MVC async cloud (risk) modelling with R OpenCpu and Modern Javascript

Moving from Shiny to R OpenCpu

Two years ago I created  a (simple) risk web-application that was implemented with ease and straightforwardness with R-Shiny. Despite the easiness of Shiny,  I didn't like the mixing of the logic (Model) with HTML/JS/CSS (View) in the same R environment. The disadavantages of using Shiny are:
  •  Reusability.  Can't reuse the R model (back-end) "as is" in my other  applications 
  •  Seperation of concerns and decoupling. Can't tap into the almost unlimited existing Javascript, CSS and  HTML frameworks/packages for building the front-end (View). 
  •  Scalability and openness. Completely dependent on the Shiny vendor if I'd like to scale the web application to higher levels in terms of speed, scalability and costs.    
I've found the MVC (Model-View-Controller) concept, as described in my previous blogpost, the most appealing framework to tackle these issues. This article is a practical follow-up of my previous blogpost,  where we show the steps to replicate the Shiny webapp by using the MVC modelling framework. 
We use the following systems to implement the three layers of the MVC concept:
  1.  Model :             R OpenCpu
  2.  View:                HTML/CSS
  3.  Controller:       Modern Javascript (ES6+)

Model: OpenCpu, the natural scalable computational R backend

OpenCpu, a great  API created by Jeroen Ooms, has been built on the following foundations:
  1.  Seperation of concerns: Let R do where it has been built for, namely statistics and graphics. 
  2. Communicate with R from various clients that can speak and understand http.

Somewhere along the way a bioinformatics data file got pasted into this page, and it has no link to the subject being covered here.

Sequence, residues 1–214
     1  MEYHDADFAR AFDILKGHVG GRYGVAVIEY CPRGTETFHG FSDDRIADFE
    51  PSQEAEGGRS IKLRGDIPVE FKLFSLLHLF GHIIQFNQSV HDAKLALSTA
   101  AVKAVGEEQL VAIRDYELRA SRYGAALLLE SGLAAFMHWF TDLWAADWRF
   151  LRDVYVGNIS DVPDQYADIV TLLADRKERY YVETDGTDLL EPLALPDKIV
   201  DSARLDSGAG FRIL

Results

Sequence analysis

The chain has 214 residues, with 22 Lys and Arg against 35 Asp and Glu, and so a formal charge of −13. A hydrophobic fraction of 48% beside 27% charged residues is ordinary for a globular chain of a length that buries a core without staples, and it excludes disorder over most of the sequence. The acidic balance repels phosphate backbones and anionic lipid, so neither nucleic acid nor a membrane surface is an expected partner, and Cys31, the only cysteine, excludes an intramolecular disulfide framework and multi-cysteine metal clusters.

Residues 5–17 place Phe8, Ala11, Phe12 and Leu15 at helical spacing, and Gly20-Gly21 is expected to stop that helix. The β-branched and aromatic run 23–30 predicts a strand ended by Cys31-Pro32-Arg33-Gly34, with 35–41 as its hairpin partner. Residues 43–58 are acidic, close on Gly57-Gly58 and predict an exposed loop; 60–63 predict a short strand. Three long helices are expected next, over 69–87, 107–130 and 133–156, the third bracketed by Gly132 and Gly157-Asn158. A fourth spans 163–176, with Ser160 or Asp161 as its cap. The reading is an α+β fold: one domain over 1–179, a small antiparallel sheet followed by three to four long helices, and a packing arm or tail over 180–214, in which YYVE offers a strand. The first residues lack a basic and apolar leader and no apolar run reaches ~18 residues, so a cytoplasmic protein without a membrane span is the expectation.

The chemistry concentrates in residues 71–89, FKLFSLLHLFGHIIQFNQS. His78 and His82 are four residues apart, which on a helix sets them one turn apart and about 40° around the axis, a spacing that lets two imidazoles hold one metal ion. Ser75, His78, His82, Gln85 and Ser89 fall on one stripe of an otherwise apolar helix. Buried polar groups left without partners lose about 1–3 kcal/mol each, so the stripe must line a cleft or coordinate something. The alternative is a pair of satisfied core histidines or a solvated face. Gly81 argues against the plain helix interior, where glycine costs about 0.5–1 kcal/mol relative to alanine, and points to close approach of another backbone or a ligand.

3. Natural scalability: fire multiple asynchroncheous http requests, and the cloud server scale sautomatically. 
In short, what OpenCpu lets you do, is creating and retrieving R objects via http(s).  For more detailed information on OpenCpu, visit their website.
Setting up Opencpu on any cloud server (Azure/AWS/GC) is super easy:  just a matter of copying and pasting few lines of code. However, for this demo we just use the free public server. The nice thing about OpenCpu is that you can automatically hook your github R model "as is" to the (public) server.  The R risk model to be used in this demo is already available at github, and hooked to the public server.  For more details on the model, see: Model
That is it. We can now call our R model, without any additions or changes, from every client that can speak http!


Since we'd like to interact with the model on the web via a dashboard, HTML/CSS would be a natural choice to implement the view.  For this, we use the ' Twitter bootstrap ' framework that has a built-in grid system which makes the creation of dashboards a piece of cake. The view, fully written in html/css, looks as follows :

So we've made a dashboard with 2 rows:

  • First row contains three colums with the following elements:
    • Column 1: Option list of 120 age-items
    • Column 2: Image container for a histogram